|06:09 pm - Heron Habitat Helpers Open House|
On Saturday (18th) Friends of North Beach Park tabled at the Heron Habitat Helpers open house. We shared a table with Groundswell NW, who had made the connection for us to be there.
Our side of the table.
Looking at this, I’d do a couple things differently. The laptop had a slideshow of photos from the park running on it, but nobody really noticed them. More prints of photos would be good. I like the idea of photos just tossed onto the table, that people can sort through and pick up. Another thing would be a nice poster behind our display. We used to have a trifold that we took to events, but in the course of carting it around, it got a little banged up.
There were some pelts (beaver and raccoon) and stuffed birds (great horned owl and great blue heron) on display. My favorite was the heron skeleton.
The skull felt so delicate I barely dared to touch it (and there was a sign saying “touch carefully” so it was okay to touch).
I was also very impressed with how large the wing structure is, and how small the bones that support it. There are some fingerbones missing, but the main arm bones are there.
At noon, there was a presentation about herons by Chris Anderson, from the WA Department of Fish and Wildlife. He explained a lot about the life and behavior of herons, including what risks they face from predators — or even their nest-mates. In some birds, the eggs hatch at the same time, and the nestlings are roughly the same size. In herons, the eggs hatch over the space of a week or so, with the result that the last born is significantly smaller than the first born. And sometimes the smallest bird gets kicked out of the nest. (I didn’t get any photos of the presentation.)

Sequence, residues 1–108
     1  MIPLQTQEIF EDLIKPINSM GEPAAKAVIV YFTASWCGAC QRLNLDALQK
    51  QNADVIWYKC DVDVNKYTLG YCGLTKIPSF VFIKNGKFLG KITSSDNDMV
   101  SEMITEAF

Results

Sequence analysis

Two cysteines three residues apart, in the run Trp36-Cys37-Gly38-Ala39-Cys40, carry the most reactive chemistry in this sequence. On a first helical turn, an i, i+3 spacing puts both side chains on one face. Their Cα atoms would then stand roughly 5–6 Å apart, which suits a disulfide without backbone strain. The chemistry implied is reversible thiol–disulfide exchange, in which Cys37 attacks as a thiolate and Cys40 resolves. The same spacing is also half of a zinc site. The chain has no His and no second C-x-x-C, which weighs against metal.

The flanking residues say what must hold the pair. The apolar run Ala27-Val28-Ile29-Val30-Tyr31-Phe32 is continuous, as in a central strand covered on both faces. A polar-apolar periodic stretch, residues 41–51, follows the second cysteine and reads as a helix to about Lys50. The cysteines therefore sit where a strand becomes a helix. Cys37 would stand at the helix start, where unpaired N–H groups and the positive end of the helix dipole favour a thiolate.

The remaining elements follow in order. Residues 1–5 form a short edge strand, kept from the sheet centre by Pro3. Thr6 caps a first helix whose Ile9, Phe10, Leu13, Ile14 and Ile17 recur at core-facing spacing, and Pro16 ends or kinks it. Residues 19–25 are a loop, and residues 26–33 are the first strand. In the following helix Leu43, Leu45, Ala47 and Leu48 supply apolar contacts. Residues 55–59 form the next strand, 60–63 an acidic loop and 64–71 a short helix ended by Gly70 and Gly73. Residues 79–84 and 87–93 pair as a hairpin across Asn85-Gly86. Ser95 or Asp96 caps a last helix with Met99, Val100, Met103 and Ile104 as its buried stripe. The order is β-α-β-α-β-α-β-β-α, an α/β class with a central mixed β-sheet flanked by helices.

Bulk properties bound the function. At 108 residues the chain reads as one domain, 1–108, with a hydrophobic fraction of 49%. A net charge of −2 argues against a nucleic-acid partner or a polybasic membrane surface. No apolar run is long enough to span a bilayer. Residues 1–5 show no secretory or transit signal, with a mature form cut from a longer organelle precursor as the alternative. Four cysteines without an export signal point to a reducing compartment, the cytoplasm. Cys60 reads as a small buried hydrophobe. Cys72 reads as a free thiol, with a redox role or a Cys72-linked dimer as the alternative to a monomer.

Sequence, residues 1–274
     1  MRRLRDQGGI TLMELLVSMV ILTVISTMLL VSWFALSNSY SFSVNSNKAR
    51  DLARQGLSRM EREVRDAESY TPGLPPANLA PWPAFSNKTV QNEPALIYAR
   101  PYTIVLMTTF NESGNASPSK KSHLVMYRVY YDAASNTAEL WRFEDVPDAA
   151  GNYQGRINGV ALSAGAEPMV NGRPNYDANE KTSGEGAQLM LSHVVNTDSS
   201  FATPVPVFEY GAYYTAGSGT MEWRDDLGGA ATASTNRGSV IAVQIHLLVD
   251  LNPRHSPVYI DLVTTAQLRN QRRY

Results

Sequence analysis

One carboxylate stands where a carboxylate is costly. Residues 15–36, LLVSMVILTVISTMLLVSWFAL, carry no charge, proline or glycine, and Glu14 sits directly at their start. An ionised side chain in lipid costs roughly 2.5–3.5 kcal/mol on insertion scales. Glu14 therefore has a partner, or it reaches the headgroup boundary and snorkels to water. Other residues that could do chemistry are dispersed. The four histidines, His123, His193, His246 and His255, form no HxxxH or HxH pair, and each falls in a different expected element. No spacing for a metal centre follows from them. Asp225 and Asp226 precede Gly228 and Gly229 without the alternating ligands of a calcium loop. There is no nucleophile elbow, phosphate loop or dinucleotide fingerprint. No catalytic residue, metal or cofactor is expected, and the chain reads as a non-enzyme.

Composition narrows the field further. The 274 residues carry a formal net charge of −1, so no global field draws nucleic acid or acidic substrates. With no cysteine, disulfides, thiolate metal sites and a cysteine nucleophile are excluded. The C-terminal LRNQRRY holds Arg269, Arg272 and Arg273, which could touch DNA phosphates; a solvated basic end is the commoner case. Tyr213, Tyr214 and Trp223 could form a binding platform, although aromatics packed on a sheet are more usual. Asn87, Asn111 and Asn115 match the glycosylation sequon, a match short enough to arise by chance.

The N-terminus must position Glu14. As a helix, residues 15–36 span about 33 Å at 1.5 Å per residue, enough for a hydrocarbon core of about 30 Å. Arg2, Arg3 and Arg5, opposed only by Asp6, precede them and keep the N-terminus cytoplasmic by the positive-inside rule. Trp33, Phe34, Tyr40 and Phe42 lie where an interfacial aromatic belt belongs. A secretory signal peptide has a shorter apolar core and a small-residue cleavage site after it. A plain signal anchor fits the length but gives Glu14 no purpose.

After the presentation, the event wound down a bit. It was relaxed enough for some chatting and schmoozing. We had a couple “small world” experiences: The DFW speaker knew one of North Beach’s best volunteers, and the husband of the event organizer is the boss of one of my fellow students at the UW.
All in all it was a very nice time. The speaker was informative, the refreshments table well-stocked, and the chance to meet other people interested in urban restoration and wildlife is always appreciated. We even got a couple new names for our mailing list!
There are a few more photos on Flickr.
Mirrored from Nature Intrudes. Please comment over there.